Principal Investigator: H.E. Willoughby
Collaborating scientist(s):
M.L. Black
J.F. Gamache
C.E. Samsury
G.A. Soukup
Objective: Physical understanding of hurricane intensification.
Rationale: The low pressure and strong winds in hurricanes result from tightly coupled dynamic and thermodynamic processes. The energy derives from the warm underlying sea, but interactions with the surrounding atmosphere and gradient balance adjustment dominate the process of intensification. Why is it that extreme hurricanes are rare even though the sea is warm enough to sustain them over large areas of the tropical oceans throughout late summer?
Method: Analysis of thermodynamic soundings, flight--level observations, and Doppler radar data near the centers of hurricanes. Diagnostic modeling of secondary flows and the evolution of the primary balanced vortex.
Accomplishment: Central sea--level pressures of the most intense tropical cyclones are about 10% lower than ambient. 3 km of adiabatic descent in the eye is enough to produce the vertically integrated 30C warming necessary for the low hydrostatic pressure. In balanced models, convective entrainment of air from the eye into the eyewall causes the subsidence. Balanced models also predict, and observations confirm, that the eye contracts during intensification. Eye soundings show warm and dry air aloft, separated by an inversion from cloudy air below that follows a moist adiabat almost to the surface.

I hypothesize that the air above the inversion has remained in the eye since it was enclosed when the eye wall formed. Loss of mass through entrainment into the eyewall is balanced by shrinking of the eye's volume with little detrainment aloft from the eyewall into the eye. The air sinks as mass below it is drawn outward from the bottom of the eye. Dewpoint depressions at the inversion are 10--30C rather than the 100C that would occur if the air originated at the tropopause.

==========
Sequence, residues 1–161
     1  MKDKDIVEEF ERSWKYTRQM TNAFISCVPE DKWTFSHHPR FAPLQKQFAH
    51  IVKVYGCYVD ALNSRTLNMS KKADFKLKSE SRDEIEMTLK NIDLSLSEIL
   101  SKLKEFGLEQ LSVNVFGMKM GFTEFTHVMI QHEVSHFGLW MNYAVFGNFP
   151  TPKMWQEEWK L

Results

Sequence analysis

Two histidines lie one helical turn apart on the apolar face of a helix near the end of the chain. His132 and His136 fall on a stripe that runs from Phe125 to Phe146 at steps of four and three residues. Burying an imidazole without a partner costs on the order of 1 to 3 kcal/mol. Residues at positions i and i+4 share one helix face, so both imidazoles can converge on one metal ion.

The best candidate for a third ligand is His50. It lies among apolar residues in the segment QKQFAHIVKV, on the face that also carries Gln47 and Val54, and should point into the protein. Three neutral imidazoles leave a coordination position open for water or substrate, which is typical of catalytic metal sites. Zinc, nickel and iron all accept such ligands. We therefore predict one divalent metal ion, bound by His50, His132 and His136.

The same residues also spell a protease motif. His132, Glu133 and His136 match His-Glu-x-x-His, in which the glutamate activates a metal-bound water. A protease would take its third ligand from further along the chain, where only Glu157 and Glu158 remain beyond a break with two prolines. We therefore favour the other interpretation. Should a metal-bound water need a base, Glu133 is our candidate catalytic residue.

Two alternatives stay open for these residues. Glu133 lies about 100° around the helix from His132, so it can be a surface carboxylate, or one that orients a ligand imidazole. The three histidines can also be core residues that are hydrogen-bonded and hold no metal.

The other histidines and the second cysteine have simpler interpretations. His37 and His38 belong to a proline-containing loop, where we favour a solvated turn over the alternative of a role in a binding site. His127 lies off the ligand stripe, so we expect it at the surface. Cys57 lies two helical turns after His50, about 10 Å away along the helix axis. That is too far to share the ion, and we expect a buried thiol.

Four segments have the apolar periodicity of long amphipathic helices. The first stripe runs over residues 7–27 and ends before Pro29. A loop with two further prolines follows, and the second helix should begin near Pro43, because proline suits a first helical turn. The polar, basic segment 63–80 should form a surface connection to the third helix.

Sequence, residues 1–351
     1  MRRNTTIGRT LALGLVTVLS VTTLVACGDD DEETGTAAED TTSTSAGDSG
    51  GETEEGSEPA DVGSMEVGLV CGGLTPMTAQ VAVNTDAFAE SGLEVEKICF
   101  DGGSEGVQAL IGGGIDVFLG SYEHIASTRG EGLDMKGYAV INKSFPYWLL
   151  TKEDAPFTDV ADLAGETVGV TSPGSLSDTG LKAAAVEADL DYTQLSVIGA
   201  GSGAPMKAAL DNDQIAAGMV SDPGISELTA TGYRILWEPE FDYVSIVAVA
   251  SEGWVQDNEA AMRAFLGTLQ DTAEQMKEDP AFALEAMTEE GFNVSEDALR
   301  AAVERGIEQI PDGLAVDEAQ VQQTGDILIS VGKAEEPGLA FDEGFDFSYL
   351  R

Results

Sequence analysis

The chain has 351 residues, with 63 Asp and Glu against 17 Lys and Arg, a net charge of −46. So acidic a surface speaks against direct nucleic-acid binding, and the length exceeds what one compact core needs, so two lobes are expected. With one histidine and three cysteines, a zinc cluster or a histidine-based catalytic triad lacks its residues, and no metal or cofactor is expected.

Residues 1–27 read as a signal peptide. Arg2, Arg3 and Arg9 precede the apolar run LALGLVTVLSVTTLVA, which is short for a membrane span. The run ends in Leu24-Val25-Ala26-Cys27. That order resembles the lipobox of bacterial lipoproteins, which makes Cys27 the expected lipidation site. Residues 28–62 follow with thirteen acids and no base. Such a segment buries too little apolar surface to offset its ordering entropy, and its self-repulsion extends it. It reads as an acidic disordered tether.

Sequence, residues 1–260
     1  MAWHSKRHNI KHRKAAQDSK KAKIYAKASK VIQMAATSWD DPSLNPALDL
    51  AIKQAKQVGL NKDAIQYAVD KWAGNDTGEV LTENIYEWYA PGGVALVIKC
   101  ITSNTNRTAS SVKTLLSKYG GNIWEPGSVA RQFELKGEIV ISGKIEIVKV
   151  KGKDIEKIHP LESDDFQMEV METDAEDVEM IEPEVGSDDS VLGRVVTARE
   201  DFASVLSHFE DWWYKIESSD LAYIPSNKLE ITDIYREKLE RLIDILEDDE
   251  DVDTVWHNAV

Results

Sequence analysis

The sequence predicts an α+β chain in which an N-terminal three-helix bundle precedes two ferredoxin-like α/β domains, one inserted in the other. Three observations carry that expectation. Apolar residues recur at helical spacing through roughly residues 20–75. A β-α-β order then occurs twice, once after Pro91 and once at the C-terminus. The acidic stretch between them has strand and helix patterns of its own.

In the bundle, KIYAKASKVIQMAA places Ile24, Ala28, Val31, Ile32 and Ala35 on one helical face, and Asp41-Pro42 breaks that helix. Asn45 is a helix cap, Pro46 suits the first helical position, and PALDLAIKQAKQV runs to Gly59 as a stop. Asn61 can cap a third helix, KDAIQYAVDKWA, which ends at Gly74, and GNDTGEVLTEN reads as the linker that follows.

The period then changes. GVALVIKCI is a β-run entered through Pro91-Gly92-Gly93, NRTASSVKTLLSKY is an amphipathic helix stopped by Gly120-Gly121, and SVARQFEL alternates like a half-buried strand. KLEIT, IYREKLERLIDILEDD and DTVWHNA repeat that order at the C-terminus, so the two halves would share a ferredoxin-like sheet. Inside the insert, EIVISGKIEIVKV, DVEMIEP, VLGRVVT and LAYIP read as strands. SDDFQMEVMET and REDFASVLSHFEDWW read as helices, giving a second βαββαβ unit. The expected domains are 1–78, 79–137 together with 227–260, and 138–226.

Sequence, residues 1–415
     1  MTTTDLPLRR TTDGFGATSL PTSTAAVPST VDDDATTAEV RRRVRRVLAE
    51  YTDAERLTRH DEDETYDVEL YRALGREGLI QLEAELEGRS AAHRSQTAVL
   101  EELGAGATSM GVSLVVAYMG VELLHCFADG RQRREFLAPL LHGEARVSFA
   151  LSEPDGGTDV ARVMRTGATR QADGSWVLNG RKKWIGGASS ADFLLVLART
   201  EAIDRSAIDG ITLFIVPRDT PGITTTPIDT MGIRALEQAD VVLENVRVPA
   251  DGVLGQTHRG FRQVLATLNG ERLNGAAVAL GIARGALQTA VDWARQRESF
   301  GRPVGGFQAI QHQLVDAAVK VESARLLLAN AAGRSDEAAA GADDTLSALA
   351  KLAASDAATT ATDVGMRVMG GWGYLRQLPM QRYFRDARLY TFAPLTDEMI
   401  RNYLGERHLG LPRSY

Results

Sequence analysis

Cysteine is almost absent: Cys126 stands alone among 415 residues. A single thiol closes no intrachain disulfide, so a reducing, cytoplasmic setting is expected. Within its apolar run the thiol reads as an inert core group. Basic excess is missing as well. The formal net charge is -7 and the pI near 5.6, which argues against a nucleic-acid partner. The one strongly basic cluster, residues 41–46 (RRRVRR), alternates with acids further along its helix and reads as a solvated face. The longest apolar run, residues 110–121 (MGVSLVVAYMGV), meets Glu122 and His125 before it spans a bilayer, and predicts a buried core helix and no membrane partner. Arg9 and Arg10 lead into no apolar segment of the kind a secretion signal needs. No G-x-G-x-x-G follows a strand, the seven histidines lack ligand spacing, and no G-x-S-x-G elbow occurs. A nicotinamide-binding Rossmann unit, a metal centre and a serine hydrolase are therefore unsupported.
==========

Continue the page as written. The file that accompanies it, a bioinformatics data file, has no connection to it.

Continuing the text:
The moist air below the inversion derives primarily from frictional inflow under the eyewall and secondarily from descent induced by evaporation of condensate mixed across the inside edge of the eyewall. The moist air's residence time in the eye is much shorter than that of the dry air above the inversion. The depth of the inversion is determined by the balance between frictional inflow and loss into the eyewall (Figure).

The convective bubbles in the eyewall are buoyant with respect to the air around the eye, but not with respect to the eye itself. Collectively, they act as a ``heat pump'' that does work on the eye by forcing thermally indirect descent. When the convection is intense, net entrainment lowers the inversion, warming and drying the eye. When the convection weakens, net frictional inflow raises the inversion, cooling the eye and filling it with cloud. This interpretation suggests that convection intensifies tropical cyclones through induced adiabatic warming of the eye sounding, not through vertical mixing that acts to adjust the eyewall sounding toward thermodynamic equilibrium with the sea.

Key reference:
Willoughby, H. E., 1995: Eye Thermodynamics. Preprints, 21st Conference on Hurricanes and Tropical Meteorology, American Meteorological Society, 357-358.
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